‘Vibrant’ British Empire Medal winner who helped found Priscilla Bacon Lodge dies aged 94
A former teacher who devoted her life to a wide range of good causes across the county has died at the age of 94.
Known by many close to her as ‘Rusty’ due to her red hair and maiden name of Rust, Margaret Stuart was so ingrained in all things Norfolk that she was awarded a British Empire Medal for her dedication and community spirit.
The youngest of three children, Mrs Stuart was born at home in The Mill House in Aylsham on July 12, 1926, to Ethnie and Robert Rust, a miller.
She attended Norwich High School and went on to become a teacher and included a year working in what is now Zimbabwe within her career.
She married Alan Stuart, an Irishman known as ‘Mr Mustard’ on account of his work as a seed buyer at Colmans in the 1950s and the pair went on to have two sons together, Robert, born in 1958 and James who followed the following year,
Both her sons were born at Bramerton House, where the family lived together from 1956 to 1971.
In 1976, six years after surviving a mastectomy, she moved into the heart of the very community she would serve for decades to come - The Close in Norwich, directly next to Norwich Cathedral, where she remained for 43 years.
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While living in Norwich, Mr and Mrs Stuart would spend the majority of their summers living in a holiday cottage in Morston on the north Norfolk coast, while they would also visit family in Hong Kong.
She became an active and passionate member of the Women’s Institute, serving as deputy chairman of the Norfolk branch and, living so close to the cathedral, also became a devoted member of the Friends of Norwich Cathedral.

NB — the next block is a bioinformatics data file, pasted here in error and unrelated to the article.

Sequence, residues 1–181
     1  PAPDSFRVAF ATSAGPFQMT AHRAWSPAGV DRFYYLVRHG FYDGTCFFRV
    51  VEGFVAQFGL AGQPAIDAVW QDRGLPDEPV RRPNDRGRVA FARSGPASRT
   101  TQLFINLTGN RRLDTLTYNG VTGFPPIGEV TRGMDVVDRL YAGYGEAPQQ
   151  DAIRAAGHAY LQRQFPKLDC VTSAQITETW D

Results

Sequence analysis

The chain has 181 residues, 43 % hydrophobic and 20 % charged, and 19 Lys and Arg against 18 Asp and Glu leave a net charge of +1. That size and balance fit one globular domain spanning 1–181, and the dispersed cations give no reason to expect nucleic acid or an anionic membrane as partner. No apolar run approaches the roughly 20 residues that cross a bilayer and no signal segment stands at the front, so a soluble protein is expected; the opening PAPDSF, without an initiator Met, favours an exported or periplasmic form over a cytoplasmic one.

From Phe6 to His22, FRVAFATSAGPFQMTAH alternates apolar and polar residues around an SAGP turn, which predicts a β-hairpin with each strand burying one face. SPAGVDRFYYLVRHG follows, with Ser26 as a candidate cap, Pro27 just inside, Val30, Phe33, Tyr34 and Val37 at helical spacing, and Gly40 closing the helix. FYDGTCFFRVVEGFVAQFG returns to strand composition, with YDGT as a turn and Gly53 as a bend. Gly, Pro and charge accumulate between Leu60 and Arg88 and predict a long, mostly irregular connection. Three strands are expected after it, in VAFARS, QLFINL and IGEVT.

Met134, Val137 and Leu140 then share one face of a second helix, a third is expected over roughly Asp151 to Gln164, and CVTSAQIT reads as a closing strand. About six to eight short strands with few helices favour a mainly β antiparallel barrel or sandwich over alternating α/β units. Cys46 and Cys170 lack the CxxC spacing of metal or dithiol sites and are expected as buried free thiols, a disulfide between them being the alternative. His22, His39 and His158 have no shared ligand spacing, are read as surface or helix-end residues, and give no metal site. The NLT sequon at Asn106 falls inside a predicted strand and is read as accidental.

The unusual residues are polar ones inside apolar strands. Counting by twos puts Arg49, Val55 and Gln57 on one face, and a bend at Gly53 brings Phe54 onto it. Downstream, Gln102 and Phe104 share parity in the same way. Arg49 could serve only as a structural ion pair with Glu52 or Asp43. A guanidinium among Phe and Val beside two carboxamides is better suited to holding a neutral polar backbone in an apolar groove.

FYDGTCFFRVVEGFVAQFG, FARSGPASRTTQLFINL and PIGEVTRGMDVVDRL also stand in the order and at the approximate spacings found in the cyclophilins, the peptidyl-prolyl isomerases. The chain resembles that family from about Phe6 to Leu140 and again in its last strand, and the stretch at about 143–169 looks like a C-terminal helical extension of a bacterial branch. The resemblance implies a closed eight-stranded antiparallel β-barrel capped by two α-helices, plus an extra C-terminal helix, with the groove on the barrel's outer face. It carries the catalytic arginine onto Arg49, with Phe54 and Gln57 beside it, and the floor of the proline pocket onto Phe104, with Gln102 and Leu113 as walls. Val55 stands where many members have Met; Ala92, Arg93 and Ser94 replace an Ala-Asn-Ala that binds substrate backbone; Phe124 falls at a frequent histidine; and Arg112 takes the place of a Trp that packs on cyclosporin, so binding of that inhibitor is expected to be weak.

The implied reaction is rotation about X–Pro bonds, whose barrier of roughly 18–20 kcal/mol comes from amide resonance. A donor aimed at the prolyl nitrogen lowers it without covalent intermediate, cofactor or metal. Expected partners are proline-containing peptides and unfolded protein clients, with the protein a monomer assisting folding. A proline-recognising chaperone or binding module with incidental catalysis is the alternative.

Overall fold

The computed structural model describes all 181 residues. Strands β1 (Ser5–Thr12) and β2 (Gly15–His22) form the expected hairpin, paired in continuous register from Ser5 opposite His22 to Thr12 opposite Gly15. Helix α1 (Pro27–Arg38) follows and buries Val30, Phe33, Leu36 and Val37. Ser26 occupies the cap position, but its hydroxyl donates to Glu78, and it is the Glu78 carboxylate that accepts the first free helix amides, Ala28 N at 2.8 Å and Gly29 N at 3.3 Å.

Her youngest son, James Stuart, said: “In some respects the cathedral became her second home.”
Mrs Stuart was a relentless fundraiser, helping as many good cases as she could, including The Children’s Society, alongside the cathedral itself.
She was also involved in the founding of the Priscilla Bacon Lodge on Unthank Road in Norwich and stayed actively involved in it for 30 years, serving as chairman of the PBL Support Group for a spell.
She was awarded a 30-year service award from Norfolk Community Health and Care for her work at the lodge and, in 2013, her services to it saw her awarded the British Empire Medal.
In 2010 she also received a Civic Award for Voluntary Service in Norwich.
Mr Stuart: “Probably her number one pastime love was sailing - she owned a small Heron sailing dinghy which she used to sail daily in the summer months while living at a holiday home in Morston.
“Most of all, she just loved people. Old or young, from wherever, she adored being amidst others.
“She was very sporty and loved both tennis and horse riding and like many Norfolk women of her generation she was a supremely talented cook.”
She could also often be found at Carrow Road cheering on Norwich City alongside her two sons.
He added; “She was simply an enthusiast related to everything she did; a lively, vibrant soul who had a deeply positive impact on those who knew her well as well as those she had fleeting connections with.
“And she was always a very homely Norfolk person - despite her regular travels.”
In March 2019, she suffered a fall which resulted in her eyesight deteriorating, leading to her moving into Thomas Tawell House, an assisted living development on Magpie Road in Norwich run by the Norfolk and Norwich Association for the Blind.
It was there she died peacefully on Wednesday, September 2.
A funeral for her was held at Norwich Cathedral on Friday, September 25.
She leaves two sons, Robert, 62 and James, 60 and two grandsons, Joe, 23 and Sam 21. Her husband died in 1998.